Thursday, May 22
We met up early again for a full day of diving. Winds had died down quite a bit and the water was quite calm for the trip to the nursery. Visibility was much improved and fish were everywhere. I was finally able to take in the entire scene. Countless coral trees floated in the distance and hogfish swarmed among the live rock farm.
Given the improved conditions, along with a little experience, I was much more efficient on this dive. I partnered up with Pamela Hughes from Coral Restoration Foundation (CRF) for the first two dives. The first dive centered on bundling corals for transport and outplanting. Pamela would remove large colonies from the upper limbs of the tree and break them into several large fragments. Then, I would string, bundle and tag each cluster of ten.
After resupplying our air, we headed back down to restock the tree we had been working on. Smaller fragments were made, strung and hung back on the bare limbs to start the process over again. In 8-12 months, those small fragments will be ready to be fragged and outplanted themselves.
On the way back to the surface, we grabbed our bundles from the coral tree and headed to the boat. After submerging all of our corals, we headed to Dry Rocks for outplanting. On the way to Dry Rocks, Ken said he estimated we had over 200 corals on board for planting. I would be buddying up with him for our last two dives.
Our first dive at Dry Rocks focused on planting Staghorn corals on ledges. This site was much different than the others we had worked on, which had relatively flat bottom contour with a few outcroppings of rock or isolated ledges. Dry Rocks is largely spur – and – groove formations separated by white sandy bottom. Since the walls of the canyon were relatively tall, this meant that you could not “lay on the bottom” while epoxying corals…you had to remain floating. That made it a bit more difficult to get the job done, but a much more interesting dive.
While hammering rock to secure my fragments, I encountered one of the pesky predators of Acroporid corals. The bearded fireworm emerged from a hole in the rock as soon as it sensed the fragments nearby. These animals are capable of engulfing the branch tips of Acropora cervicornis and eating the live tissue. Affected colonies can be recognized by tissue recession at the tips. These denuded branches can allow algae to colonies the skeleton and wipe out the rest of the colony. In other words, they are unwelcome in outplanting sites. Since my cluster was about 10 feet above the groove, I simply swept it over the side. Hopefully it was a tasty meal for a properly equipped predator.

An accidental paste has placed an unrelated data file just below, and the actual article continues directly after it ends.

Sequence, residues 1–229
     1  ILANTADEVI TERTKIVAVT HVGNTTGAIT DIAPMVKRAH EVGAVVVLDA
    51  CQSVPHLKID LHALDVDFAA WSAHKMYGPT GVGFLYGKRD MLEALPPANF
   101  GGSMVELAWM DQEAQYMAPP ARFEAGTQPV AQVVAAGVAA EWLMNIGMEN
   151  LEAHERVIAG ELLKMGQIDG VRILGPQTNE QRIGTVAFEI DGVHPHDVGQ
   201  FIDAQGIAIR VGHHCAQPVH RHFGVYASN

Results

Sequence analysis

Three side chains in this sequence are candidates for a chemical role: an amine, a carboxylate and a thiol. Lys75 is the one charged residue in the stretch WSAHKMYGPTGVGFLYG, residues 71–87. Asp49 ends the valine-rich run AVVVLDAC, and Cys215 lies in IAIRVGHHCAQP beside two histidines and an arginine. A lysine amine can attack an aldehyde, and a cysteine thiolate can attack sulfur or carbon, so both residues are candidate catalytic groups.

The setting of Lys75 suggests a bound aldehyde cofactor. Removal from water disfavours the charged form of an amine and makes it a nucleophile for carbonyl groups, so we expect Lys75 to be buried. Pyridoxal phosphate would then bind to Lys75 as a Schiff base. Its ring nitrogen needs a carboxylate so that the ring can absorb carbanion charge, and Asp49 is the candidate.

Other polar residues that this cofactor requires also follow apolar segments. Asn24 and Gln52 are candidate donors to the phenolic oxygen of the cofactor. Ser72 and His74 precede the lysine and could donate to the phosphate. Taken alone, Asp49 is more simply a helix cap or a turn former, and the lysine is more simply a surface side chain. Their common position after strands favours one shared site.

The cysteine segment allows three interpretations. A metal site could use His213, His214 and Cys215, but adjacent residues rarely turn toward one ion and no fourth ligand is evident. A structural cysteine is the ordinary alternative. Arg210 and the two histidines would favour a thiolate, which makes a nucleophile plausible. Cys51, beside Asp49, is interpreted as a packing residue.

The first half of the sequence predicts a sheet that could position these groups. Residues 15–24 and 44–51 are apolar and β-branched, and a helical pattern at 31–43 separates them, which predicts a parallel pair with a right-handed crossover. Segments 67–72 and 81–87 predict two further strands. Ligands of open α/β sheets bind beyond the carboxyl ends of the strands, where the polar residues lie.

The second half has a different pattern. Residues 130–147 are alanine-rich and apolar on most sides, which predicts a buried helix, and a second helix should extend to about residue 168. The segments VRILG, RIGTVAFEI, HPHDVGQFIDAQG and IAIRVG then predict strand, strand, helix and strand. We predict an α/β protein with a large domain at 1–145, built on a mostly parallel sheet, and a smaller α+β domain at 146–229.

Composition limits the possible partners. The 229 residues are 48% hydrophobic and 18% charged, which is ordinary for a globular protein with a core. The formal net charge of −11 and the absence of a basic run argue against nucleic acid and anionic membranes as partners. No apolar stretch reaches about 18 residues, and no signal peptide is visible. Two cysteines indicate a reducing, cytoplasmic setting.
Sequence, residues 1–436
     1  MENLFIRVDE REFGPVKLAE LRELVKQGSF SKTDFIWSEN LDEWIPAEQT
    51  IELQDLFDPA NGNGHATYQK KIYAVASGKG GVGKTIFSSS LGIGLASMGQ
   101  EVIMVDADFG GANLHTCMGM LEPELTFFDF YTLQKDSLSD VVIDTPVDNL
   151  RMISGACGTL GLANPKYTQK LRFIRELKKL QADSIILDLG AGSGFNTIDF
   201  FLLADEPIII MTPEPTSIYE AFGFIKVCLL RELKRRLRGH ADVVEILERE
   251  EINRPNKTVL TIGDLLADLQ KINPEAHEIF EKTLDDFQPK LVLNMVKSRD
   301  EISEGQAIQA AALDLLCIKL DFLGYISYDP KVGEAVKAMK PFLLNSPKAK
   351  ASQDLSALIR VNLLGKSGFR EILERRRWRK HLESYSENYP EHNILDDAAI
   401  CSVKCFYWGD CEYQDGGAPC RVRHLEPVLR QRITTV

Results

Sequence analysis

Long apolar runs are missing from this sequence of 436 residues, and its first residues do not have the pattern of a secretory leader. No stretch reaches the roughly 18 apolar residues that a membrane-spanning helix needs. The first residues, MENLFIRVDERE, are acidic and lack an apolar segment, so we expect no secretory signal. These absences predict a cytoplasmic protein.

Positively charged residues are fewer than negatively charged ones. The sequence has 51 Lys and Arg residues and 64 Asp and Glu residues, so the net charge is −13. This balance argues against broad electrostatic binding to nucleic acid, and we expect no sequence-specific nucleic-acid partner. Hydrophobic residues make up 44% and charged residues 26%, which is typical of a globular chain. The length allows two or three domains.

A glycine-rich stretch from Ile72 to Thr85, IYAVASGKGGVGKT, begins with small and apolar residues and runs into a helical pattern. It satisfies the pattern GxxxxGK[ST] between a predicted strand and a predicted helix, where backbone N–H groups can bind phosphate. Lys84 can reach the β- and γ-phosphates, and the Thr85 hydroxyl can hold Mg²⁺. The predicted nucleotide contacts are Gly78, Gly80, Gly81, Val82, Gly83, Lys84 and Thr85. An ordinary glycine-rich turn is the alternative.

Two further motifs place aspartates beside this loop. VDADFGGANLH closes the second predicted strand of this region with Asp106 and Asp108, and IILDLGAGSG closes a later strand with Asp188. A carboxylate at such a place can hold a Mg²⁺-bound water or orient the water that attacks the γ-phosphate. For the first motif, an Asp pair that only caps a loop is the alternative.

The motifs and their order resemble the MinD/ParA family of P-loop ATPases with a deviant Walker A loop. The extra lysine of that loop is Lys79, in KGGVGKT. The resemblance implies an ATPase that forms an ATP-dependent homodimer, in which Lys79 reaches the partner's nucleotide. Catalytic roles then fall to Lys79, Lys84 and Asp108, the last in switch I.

We finished our outplanting, switched out air cylinders at the boat and headed back down for maintenance and documentation of the site. Ken led me along the grooves to photograph, film and maintain previously planted colonies as well as the ones we had just planted. It seemed like we were stopping every few feet to document growth, predation and disease in a different colony. This is a testament to the amount of work that Ken and his team have done over the past few years. I didn’t see any natural colonies of either species at Dry Rocks, only the ones CRF had planted, and they were numerous. Several colonies showed signs of damage from cryptic predatory snails that Ken dispatched whenever spotted. The fishes seemed to enjoy the escargot treat that resulted. This type of maintenance and documentation continues for several years after outplanting.
While surveying colonies, we eventually made our way to the attraction that most divers and snorkelers remember about this site, Christ of the Abyss. “Il Christo degli Abissi” is one of three bronze statues Italian artist Guido Galletti created for underwater display. Placed at the site in 1965, it stands about 8 feet tall and is quite impressive. Corals have been allowed to encrust certain parts of the statue and Ken has plantings directly behind it. It is one of the most photographed underwater scenes in the world and is far more accessible to tourists than the Christ statues off of Italy and Grenada.
We continued on with maintenance and documentation but all too soon, we were running low on air and resurfaced. Though I will be diving again tomorrow with the crew from Georgia Aquarium to do some maintenance work, this is was my last dive with the CRF staff.
Read dive logs from each day of the trip!
Dive Log – Saving Coral Reefs: